This volume explores the various strategies by which appropriate pasts were construed in scholarship, literature, art, and architecture in order to create “national”, regional, or local identities in late medieval and early modern Europe. Because authority was based on lineage, political and territorial claims were underpinned by historical arguments, either true or otherwise. Literature, scholarship, art, and architecture were pivotal media that were used to give evidence of the impressive old lineage of states, regions, or families. These claims were related not only to classical antiquity but also to other periods that were regarded as antiquities, such as the Middle Ages, especially the chivalric age. The authors of this volume analyse these intriguing early modern constructions of “antiquity” and investigate the ways in which they were applied in political, intellectual and artistic contexts in the period of 1400–1700.
Contributors include: Barbara Arciszewska, Bianca De Divitiis, Karl Enenkel, Hubertus Günther, Thomas Haye, Harald Hendrix, Stephan Hoppe, Marc Laureys, Frédérique Lemerle, Coen Maas, Anne-Françoise Morel, Kristoffer Neville, Konrad Ottenheym, Yves Pauwels, Christian Peters, Christoph Pieper, David Rijser, Bernd Roling, Nuno Senos, Paul Smith, Pieter Vlaardingerbroek, and Matthew Walker.
Karl A.E. Enenkel is Professor of Medieval Latin and Neo-Latin at the University of Münster. Previously he was Professor of Neo-Latin at the University of Leiden. He has published widely on international Humanism, early modern culture, paratexts, literary genres 1300-1600, Neo-Latin emblems, word and image relationships, and the history of scholarship and science.
Konrad A. Ottenheym is Professor of Architectural History at Utrecht University. His publications are focussed on Dutch architecture and architectural theory of the early modern period with a special attention to its relationships with other European regions.
Acknowledgements List of Illustrations Notes on the Editors Notes on the Contributors
The Quest for an Appropriate Past: The Creation of National Identities in Early Modern Literature, Scholarship, Architecture, and Art Karl Enenkel and Konrad Ottenheym
Part 1: The Mediterranean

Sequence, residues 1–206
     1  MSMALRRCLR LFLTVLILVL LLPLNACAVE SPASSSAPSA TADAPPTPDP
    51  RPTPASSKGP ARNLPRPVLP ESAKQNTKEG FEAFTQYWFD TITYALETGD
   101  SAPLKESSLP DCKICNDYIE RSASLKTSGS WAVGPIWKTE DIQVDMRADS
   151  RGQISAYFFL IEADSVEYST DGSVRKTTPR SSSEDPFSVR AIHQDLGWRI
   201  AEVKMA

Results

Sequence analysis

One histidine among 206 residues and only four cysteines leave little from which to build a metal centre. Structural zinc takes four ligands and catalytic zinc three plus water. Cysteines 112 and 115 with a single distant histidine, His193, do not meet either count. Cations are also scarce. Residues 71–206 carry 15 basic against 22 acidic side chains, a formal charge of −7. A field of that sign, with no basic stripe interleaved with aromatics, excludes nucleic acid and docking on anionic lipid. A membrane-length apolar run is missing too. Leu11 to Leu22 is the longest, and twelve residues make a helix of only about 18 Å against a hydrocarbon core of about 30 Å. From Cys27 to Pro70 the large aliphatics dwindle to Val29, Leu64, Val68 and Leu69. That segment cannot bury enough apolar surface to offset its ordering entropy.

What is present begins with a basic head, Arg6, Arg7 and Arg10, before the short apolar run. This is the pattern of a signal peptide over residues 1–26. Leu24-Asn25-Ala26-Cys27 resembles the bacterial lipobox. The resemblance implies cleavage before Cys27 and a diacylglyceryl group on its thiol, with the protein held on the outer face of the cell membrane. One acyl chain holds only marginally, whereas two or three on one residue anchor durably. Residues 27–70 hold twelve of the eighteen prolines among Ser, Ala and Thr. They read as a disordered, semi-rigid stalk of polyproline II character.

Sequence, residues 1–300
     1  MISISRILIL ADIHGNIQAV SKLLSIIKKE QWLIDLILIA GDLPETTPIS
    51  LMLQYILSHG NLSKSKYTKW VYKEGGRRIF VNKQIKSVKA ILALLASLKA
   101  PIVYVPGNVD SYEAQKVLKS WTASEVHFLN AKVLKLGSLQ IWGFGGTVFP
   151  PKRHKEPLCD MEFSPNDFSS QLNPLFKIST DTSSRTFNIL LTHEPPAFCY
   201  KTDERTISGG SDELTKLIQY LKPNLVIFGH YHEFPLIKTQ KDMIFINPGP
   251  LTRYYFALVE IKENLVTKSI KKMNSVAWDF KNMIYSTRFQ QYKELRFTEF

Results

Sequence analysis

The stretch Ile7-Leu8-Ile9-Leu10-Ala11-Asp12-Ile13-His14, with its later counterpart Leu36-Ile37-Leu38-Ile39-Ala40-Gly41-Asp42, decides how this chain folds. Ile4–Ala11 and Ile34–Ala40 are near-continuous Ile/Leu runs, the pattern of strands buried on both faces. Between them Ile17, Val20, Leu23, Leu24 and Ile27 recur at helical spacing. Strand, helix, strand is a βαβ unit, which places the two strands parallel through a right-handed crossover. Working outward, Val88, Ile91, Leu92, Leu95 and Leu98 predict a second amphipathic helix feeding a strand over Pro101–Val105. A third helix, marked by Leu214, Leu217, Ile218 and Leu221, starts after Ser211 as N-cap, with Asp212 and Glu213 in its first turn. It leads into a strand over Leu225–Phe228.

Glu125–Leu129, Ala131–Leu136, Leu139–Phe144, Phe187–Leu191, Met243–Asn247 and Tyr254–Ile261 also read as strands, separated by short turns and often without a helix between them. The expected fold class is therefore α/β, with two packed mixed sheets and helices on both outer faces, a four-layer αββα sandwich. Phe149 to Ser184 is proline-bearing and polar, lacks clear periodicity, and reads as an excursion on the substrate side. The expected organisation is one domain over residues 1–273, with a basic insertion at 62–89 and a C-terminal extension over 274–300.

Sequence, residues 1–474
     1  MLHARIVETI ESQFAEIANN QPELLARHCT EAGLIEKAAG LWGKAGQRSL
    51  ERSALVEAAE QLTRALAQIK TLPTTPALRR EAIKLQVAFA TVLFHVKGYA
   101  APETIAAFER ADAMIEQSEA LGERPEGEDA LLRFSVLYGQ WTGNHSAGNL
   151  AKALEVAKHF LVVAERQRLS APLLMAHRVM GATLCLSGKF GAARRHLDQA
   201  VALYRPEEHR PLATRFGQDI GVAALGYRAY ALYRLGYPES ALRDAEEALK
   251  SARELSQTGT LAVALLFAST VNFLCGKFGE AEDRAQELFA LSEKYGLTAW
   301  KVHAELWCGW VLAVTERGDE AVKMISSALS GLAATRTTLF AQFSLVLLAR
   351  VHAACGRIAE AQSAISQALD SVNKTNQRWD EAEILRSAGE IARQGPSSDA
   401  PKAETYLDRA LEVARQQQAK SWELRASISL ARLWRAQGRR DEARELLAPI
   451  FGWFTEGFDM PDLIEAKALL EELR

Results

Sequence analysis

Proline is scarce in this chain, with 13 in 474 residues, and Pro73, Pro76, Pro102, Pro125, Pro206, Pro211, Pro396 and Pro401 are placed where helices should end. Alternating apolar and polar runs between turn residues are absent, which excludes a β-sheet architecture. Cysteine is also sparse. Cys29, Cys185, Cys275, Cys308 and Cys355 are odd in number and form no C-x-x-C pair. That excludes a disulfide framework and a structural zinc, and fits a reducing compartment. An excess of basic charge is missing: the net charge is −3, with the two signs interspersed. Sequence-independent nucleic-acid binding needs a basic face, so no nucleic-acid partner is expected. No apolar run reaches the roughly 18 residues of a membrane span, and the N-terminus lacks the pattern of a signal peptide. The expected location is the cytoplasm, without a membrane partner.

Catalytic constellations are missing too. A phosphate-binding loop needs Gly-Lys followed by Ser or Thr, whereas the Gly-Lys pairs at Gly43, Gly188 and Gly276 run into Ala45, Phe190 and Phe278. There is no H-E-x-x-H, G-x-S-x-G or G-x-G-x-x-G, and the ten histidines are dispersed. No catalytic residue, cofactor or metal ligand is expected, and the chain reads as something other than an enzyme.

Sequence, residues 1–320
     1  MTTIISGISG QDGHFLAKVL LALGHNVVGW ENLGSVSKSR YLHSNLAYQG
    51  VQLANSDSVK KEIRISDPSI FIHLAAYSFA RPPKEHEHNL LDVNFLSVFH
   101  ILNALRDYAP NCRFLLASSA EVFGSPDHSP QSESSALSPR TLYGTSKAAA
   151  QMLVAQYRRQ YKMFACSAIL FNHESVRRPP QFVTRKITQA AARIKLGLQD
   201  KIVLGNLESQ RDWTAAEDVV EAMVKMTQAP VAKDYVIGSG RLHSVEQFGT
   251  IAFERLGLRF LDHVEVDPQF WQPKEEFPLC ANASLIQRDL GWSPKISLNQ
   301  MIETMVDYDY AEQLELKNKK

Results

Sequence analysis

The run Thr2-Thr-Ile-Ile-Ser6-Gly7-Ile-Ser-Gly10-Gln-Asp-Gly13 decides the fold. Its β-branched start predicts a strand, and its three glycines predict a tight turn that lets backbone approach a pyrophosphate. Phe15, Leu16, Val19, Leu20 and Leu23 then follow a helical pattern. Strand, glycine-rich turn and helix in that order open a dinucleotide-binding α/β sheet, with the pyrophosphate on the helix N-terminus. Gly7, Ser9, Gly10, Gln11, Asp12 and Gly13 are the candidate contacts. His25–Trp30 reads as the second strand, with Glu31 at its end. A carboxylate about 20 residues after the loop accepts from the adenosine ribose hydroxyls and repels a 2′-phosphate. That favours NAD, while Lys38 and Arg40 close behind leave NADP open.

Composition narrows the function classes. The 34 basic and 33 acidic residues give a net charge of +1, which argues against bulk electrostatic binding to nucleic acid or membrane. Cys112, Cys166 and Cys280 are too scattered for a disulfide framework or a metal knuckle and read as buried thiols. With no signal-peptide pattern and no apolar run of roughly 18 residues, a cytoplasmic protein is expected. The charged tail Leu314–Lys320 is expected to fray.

1 Claiming and Contesting Trojan Ancestry on Both Sides of the Bosporus – Epic Answers to an Ethnographic Dispute in Quattrocento Humanist Poetry Christian Peters
2 Architecture, Poetry and Law: The Amphitheatre of Capua and the New Works Sponsored by the Local Élite Bianca de Divitiis
3 A City in Quest of an Appropriate Antiquity: The Arena of Verona and Its Influence on Architectural Theory in the Early Modern Era Hubertus Günther
4 Tradition and Originality in Raphael: The Stanza della Segnatura, the Middle Ages and Local Traditions David Rijser
5 An Appropriate Past for Renaissance Portugal: André de Resende and the City of Évora Nuno Senos
Part 2: France
6 The Construction of a National Past in the Bella Britannica by Humbert of Montmoret (d. ca. 1525) Thomas Haye
7 Parody and Appropriation of the Past in the Grandes Chroniques Gargantuines and in Rabelais’s Pantagruel (1532) Paul J. Smith
8 Antiquity and Modernity: Sixteenth- to Eighteenth-Century French Architecture Frédérique Lemerle
9 The Roots of Philibert De l’Orme: Antiquity, Medieval Art, and Early Christian Architecture Yves Pauwels
Part 3: The Low Countries
10 From Chivalric Family Tree to “National” Gallery: The Portrait Series of the Counts of Holland, ca. 1490–1650 Karl Enenkel
11 Dousa’s Medieval Tournaments: Chivalry Enters the Age of Humanism? Coen Maas
12 Living as Befits a Knight: New Castles in Seventeenth-Century Holland Konrad Ottenheym
13 ‘Non erubescat Hollandia’: Classical Embarrassment of Riches and the Construction of Local History in Hadrianus Junius’ Batavia Coen Maas
14 Epigraphy and Blurring Senses of the Past in Early Modern Travelling Men of Letters: The Case of Arnoldus Buchelius Harald Hendrix
15 ‘Sine amore, sine odio partium’: Nicolaus Burgundius’ Historia Belgica (1629) and his Tacitean Quest for an Appropriate Past Marc Laureys
16 The Mediaeval Prestige of Dutch Cities Konrad Ottenheym
17 An Appropriated History: The Case of the Amsterdam Town Hall (1648–1667) Pieter Vlaardingerbroek
Part 4: The Holy Roman Empire
18 Germany’s Glory, Past and Present: Konrad Peutinger’s Sermones convivales de mirandis Germanie antiquitatibus and Antiquarian Philology Christoph Pieper
19 Translating the Past: Local Romanesque Architecture in Germany and Its Fifteenth-Century Reinterpretation Stephan Hoppe
20 The Babylonian Origins of Trier Hubertus Günther
Part 5: Poland and Sweden
21 History and Architecture in Pursuit of a Gothic Heritage Kristoffer Neville
22 Early Modern Conceptualizations of Medieval History and Their Impact on Residential Architecture in the Polish-Lithuanian Commonwealth Barbara Arciszewska
Part 6: Britain, Scotland, and Ireland
23 Writing about Romano-British Architecture in the Late Seventeenth Century Matthew Walker
24 Preserving the Nation’s Zeal: Church Buildings and English Christian History in Stuart England Anne-Françoise Morel
25 ‘A Great Insight into Antiquity’: Jacob Bryant and Jeremiah Milles and the Authenticity of the Poems of Thomas Rowley Bernd Roling
26 Phoenician Ireland: Charles Vallancey (1725–1812) and the Oriental Roots of Celtic Culture Bernd Roling
All those interested in the reception of Antiquity and high medieval history (true and false) in early modern in literature, architecture and art, neolatin scholarship, Renaissance architecture, history of ideas, history of literature, and history of humanist scholarship.